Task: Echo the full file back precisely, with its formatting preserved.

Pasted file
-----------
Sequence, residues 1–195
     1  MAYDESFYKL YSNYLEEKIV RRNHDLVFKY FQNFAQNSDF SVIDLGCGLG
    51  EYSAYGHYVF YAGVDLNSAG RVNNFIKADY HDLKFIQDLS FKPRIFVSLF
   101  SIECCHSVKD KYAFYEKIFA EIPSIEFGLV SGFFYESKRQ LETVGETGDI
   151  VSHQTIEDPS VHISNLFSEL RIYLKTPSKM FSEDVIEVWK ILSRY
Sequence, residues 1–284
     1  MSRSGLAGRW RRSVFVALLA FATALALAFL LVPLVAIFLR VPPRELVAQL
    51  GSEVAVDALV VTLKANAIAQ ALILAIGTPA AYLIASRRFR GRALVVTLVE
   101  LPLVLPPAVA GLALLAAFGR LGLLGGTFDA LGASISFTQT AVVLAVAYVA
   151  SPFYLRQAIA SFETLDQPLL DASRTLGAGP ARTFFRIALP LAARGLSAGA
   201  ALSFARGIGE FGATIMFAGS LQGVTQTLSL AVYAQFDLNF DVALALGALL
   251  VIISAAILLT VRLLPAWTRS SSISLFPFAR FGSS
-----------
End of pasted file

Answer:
Sequence, residues 1–195
     1  MAYDESFYKL YSNYLEEKIV RRNHDLVFKY FQNFAQNSDF SVIDLGCGLG
    51  EYSAYGHYVF YAGVDLNSAG RVNNFIKADY HDLKFIQDLS FKPRIFVSLF
   101  SIECCHSVKD KYAFYEKIFA EIPSIEFGLV SGFFYESKRQ LETVGETGDI
   151  VSHQTIEDPS VHISNLFSEL RIYLKTPSKM FSEDVIEVWK ILSRY
Sequence, residues 1–284
     1  MSRSGLAGRW RRSVFVALLA FATALALAFL LVPLVAIFLR VPPRELVAQL
    51  GSEVAVDALV VTLKANAIAQ ALILAIGTPA AYLIASRRFR GRALVVTLVE
   101  LPLVLPPAVA GLALLAAFGR LGLLGGTFDA LGASISFTQT AVVLAVAYVA
   151  SPFYLRQAIA SFETLDQPLL DASRTLGAGP ARTFFRIALP LAARGLSAGA
   201  ALSFARGIGE FGATIMFAGS LQGVTQTLSL AVYAQFDLNF DVALALGALL
   251  VIISAAILLT VRLLPAWTRS SSISLFPFAR FGSS